Gangs in Korea
To Hell with Rome.
31, I was teaching English in South Korea. Once I made a funny face at a kid — which American men of my generation grew up doing to express playful regard. The kid burst into tears. Later someone told me it’s because he would have been warned to be careful of men like me — because I’m a gangster. A gangster?
I’d run a landscaping company for a number of years and had adopted, quite fondly, a low-maintenance military-style haircut — a “high and tight”. I kept it when I started taking graduate courses because it made undergraduate boys on sports scholarships with more piss and vinegar than wisdom think twice before trying to push me around. It’s the bright orange fish effect — nature’s warning mechanism.
When I went on leave to see the world and work abroad, I had no idea the haircut was also a trademark style of gang members in the Korean underworld, known as jopok (조폭) or geondal (건달) and street gangs or kkangpae (깡패). I didn’t know about the extortion racket that preys on the poorest people who have only a little money, no ‘leverage’ with the powerful to help them, and little sway with politicians or the police.
So I also didn’t know what I was walking into — not exactly — when I saw a dozen young men with haircuts matching mine surrounding, kicking, and beating an elderly man. The guy was clearly past retirement age, was outnumbered, and he had one of the carts for collecting cardboard boxes for recycling (there are a LOT of cardboard boxes in Korea), which earns him a small stipend from the government.
It was not going well for the old man, and I had to decide what to do quickly, or it wouldn’t matter. I’d only been there a couple of months and could barely speak any of the language. I tried shouting and gesturing at the windows of surrounding shops, but people either turned away, shut their doors, or initially laughed and then refused to look when they saw what was happening.
The codger was on the ground now, and they were still kicking him. I knew exactly two swear words and one bad name. So I advanced and started shouting at them that they were the insane penises of the North Korean dictator. I punctuated that with an American middle finger and shouts of “oi!” — a borrowed cockney interjection which I’ve learned, when trying to get a taxi driver’s attention on a New York City street, carries much farther with greater volume than “hey!” and sounds far less like a land pirate trying to board an ocean vessel than its original form: “(a)hoy!”
A bit of that finally got their attention. First, confusion. It was like a group of tuxedo penguins (they all wore black suits) spotting a bizarre creature coming toward them on a patch of floating ice. They hesitated, looked at me, and no sign of recognition crossed any face. Then the leader gestured at the others, barked out a brief order, and the group divided instantly and neatly in half.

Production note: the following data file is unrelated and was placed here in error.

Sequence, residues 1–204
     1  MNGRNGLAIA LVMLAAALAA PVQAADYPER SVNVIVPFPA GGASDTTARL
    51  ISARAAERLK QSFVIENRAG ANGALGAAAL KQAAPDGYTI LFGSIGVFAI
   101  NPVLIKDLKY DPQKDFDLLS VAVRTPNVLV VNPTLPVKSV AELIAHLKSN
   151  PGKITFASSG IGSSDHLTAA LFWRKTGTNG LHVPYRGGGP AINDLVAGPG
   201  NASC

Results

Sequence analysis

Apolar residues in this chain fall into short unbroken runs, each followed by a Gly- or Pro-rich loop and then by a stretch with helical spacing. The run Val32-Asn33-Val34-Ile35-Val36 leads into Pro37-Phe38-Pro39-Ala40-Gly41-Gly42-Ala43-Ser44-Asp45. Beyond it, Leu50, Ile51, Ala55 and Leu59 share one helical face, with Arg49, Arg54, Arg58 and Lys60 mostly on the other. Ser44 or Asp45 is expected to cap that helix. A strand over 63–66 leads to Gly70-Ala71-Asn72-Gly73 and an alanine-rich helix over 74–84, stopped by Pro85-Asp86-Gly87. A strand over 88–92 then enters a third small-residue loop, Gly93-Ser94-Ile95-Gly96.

That’s how I counted. Within moments, six young men had charged across the pavement and formed a circle around me, squeezing and boxing me in, forcefully but not yet violently, while an equal number closed ranks around the old man and continued kicking and beating him. I pushed, wrestled, struggled, and tried to break free. I tried to get my arms into a proper stance for fighting them off, which might have partially succeeded if I’d understood that order, but this was a well-trained group that seemed particularly bent on obeying. What I saw on their faces when, momentarily, I broke partially free was fear — not of me, but of failing. I was more worried about the old man than ever, but I was out of ideas.
In a few minutes the other circle broke, the man lay still, and the leader walked slowly up the street with his entourage, and there were now a dozen guys in short hair cuts and black Korean-cut suits in a tight circle around one American with no one calling out on his behalf. No sirens in the background. I figured I was in for the same beating as the old man. But I was the weird anomaly. Later I learned these were a cut above the street gangs. They wouldn’t beat an American senseless on the street without a direct order from farther up the chain. I was a nuisance, but they had to answer to gangsters in nicer suits. The chief reached over the heads of the others, knocked me upside the head, laughed, and said “come on” in Korean. They walked up the street and got into cars, while I went to the old man.
He lifted his head a little, saw me, and put up his hands — not for help, but to ward off being hit again. I tried to tell him I wanted to help, but he lumbered painfully to his feet, and limped away as quickly as he could, leaving behind his cart. I was the strange foreigner with the haircut of a geondal.
Later, I was scolded by people I knew. This is not done in Korea. You do not interfere. They can kill you if they want to. When in Rome, do as the Romans. Don’t get involved. I’ve never liked that expression. I don’t check my commitments at the door when my passport gets stamped. I’m not talking about American exceptionalism. It’s one thing to travel the world telling other people how to live (and bombing their cities and villages if they disagree). It’s another to just look the other way when the fundamental ‘tao’ of humanity is under attack. To Hell with Rome. Yes to the Code of Justinian; no to the Colosseum.
That wasn’t the only run-in I had with gangsters over protection money. But not all stories need to be told.